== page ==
WAVELENGTH OF LIGHT - DIFFRACTION GRATING

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1 PURPOSE In this experiment we will use the diffraction grating and the spectrometer to measure wavelengths in the mercury spectrum. THEORY A diffraction grating is essentially a series of parallel equidistant apertures or surfaces from which light may come by transmission or reflection. The grating used in this experiment is of the transmission type. The apertures are usually spaced several hundred to the centimeter. Light from a source enters the spectrometer through a thin vertical slit. The width of this slit can be adjusted to vary the amount of light entering the spectrometer. The light then passes through a collimator which produces a parallel beam of light rays. Exiting the collimator the light encounters a grating. When light from the slit falls on the grating, part of it is transmitted in the regular manner and can be viewed in the telescope. If the apertures are parallel to the slit, diffracted spectral images may be viewed on either side of the normal image. The spectra lying nearest the direct image on either side are called the first order while those successively more distant are called second, third, and so on, orders. The relation between the angle of diffraction θ, the order of the spectrum m, the wavelength of light λ and the distance between grating lines d is d sin θ λ = (1) m The same spectrometer apparatus used in the experiment on the refractive index of the prism will be used in this experiment. The prism table is removed and the grating holder is substituted. EXPERIMENTAL PROCEDURE 1. Adjustments of the spectrometer for parallel light IX-1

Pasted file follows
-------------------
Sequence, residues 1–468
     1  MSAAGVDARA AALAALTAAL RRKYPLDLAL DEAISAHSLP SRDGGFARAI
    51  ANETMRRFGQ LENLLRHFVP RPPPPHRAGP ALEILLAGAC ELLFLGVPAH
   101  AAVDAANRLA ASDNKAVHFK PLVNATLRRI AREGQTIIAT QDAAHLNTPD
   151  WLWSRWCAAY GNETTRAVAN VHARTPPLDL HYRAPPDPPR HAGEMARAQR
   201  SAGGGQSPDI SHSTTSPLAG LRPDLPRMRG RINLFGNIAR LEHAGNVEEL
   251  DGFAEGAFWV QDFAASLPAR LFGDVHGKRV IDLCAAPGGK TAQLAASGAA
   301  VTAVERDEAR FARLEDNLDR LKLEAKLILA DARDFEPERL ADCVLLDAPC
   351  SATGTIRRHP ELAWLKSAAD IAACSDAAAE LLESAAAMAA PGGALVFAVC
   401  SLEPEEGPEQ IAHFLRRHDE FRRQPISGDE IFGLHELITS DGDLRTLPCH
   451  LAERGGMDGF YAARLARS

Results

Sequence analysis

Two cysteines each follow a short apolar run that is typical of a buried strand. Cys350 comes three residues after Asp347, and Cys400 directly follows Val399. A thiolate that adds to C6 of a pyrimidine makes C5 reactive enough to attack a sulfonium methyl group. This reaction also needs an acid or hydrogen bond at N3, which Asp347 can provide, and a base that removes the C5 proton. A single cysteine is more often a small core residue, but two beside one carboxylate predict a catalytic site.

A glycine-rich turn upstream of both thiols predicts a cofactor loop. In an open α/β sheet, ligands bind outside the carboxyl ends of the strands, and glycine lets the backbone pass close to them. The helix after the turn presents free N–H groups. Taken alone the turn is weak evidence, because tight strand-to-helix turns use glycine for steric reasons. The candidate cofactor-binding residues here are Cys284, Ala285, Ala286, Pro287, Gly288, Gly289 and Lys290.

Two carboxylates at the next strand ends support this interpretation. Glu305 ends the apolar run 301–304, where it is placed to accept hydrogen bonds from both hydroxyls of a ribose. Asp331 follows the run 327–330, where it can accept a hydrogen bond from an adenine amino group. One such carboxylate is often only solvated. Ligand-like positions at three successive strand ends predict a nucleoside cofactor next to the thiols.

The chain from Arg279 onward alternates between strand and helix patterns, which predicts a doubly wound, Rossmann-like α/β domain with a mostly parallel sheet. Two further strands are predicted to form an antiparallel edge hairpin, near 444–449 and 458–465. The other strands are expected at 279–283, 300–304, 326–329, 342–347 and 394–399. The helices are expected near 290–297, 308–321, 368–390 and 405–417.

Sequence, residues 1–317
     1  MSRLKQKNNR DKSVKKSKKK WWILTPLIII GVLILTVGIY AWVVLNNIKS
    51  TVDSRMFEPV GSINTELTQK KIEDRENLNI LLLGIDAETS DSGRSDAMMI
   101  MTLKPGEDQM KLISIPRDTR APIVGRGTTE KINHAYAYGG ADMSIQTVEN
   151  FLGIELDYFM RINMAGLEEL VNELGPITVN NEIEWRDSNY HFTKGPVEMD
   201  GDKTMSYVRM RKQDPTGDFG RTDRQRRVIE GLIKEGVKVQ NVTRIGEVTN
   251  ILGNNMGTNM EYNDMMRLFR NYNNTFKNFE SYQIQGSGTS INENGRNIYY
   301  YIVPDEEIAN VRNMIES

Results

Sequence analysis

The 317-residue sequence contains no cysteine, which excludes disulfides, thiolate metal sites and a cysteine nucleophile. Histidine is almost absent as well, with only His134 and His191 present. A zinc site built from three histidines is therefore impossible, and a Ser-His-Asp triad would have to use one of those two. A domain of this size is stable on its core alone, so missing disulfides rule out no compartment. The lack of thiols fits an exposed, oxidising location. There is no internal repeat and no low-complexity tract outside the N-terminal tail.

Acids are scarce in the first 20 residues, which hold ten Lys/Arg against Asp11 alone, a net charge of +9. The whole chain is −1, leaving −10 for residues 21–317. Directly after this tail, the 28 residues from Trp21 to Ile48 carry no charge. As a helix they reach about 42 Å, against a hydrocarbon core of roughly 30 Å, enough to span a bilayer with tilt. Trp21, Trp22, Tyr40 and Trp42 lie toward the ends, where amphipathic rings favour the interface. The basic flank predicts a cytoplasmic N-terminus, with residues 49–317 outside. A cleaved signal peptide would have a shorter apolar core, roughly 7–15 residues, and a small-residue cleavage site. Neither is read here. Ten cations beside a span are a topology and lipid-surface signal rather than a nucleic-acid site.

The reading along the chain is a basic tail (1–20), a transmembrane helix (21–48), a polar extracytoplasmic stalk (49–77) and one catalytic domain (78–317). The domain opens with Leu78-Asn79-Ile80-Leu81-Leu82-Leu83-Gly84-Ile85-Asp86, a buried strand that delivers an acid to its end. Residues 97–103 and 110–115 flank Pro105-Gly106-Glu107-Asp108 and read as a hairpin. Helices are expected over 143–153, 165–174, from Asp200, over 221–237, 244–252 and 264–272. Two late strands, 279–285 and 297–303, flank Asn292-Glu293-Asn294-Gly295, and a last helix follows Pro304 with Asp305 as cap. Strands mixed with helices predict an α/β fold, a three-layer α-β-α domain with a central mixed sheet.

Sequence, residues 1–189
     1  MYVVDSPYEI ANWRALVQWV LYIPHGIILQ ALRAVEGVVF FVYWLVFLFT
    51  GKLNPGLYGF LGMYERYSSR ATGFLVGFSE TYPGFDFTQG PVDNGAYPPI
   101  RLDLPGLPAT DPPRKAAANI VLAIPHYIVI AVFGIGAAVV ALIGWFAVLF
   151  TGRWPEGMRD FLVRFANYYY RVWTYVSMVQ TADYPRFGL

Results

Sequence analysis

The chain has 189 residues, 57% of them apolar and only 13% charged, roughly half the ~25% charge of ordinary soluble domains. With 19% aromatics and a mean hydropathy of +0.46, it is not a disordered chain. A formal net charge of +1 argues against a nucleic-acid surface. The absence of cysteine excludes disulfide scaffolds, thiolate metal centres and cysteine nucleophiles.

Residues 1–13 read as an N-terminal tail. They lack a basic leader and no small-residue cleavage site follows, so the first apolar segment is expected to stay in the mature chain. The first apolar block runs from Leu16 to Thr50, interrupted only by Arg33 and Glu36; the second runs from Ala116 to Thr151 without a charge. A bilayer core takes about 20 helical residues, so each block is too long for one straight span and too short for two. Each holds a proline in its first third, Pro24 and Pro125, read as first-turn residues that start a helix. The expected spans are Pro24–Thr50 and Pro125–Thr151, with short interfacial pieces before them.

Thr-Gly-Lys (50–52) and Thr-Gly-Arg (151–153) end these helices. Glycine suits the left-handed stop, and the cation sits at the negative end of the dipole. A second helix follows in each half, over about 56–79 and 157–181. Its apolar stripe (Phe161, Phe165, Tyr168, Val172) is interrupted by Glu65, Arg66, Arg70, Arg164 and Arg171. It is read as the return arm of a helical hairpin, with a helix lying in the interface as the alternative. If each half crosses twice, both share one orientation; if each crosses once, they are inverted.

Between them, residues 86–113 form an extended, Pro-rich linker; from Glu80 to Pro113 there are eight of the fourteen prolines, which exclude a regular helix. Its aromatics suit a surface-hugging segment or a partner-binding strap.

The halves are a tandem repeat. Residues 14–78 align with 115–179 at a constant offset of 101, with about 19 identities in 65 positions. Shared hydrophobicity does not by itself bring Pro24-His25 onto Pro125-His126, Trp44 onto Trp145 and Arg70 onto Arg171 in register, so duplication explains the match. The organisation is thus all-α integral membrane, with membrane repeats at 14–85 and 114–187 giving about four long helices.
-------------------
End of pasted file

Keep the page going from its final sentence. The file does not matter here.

2 The three basic parts of a spectrometer are (1) the telescope - to be focused to receive parallel rays, (2) the prism table mounted on a rotating circular table having two vernier scales and (3) the collimator - to render incident rays from the Hg lamp parallel. Focusing the eyepiece on the crosshairs Pull the eyepiece almost out of the telescope by the ring and insert it slowly until the cross hairs are in focus with the eyes relaxed. In order to avoid eye fatigue, the eyepiece should be in focus after the eye has been focused for distance vision. Adjustments of telescope to receive parallel rays Turn the telescope towards a distant object (e.g. a far off building) and adjust the telescope to see a clear well-defined image of the distant object. If the initial adjustment of the cross hairs was good, the image of the distant object will remain fixed against the image of cross hairs as the eye is moved slightly from side to side. That is, there is no parallax between the images of the cross hairs and the distant object, and thus the two coincide with the focal plane of the telescope. Otherwise there is relative motion between the image of the cross hairs and that of the distant object and the adjustments must be repeated. This method of focusing by the elimination of parallax is universal in the use of optical instruments. Adjustments of the collimator to provide parallel incident rays Swing the telescope so that it is aligned with the collimator. There are two knobs under the telescope. One of these is to fix the telescope relative to the collimator and the other for fine alignment of the telescope with respect to the collimator. Note that there is another set of knobs for the prism table. One of them is to fix the prism table at any position and the other is used for finer adjustments. The slit side of the collimator should face the light source. Illuminate the collimator slit with the mercury light source. Make the slit width narrow and bring the slit into sharp focus while viewing through the eyepiece side of the telescope and by adjusting the collimator only. Again use the absence of parallax between the slit image and the cross hairs. After these adjustments have been made, care must be taken that they are not disturbed during the entire experiment. 2. Determination of the precision of angular measurement in the spectrometer The circular main scale on the spectrometer is graduated from zero to 360 ; each division on this scale is equal to one half of a degree (i.e., 30 minutes). There are 30 divisions on each of the vernier scales (1) and (2). When the zero of either of the vernier scales matches with a division on the main scale, the 30th division on that vernier coincides with another main scale division. Careful observation indicates that there are 29 main scale divisions between these zero and 30th divisions of the vernier scale. This implies that each vernier division corresponds to (29/30) of a main scale division and that the angular measurements can be made to a precision of one minute ( i.e. the difference between the IX-2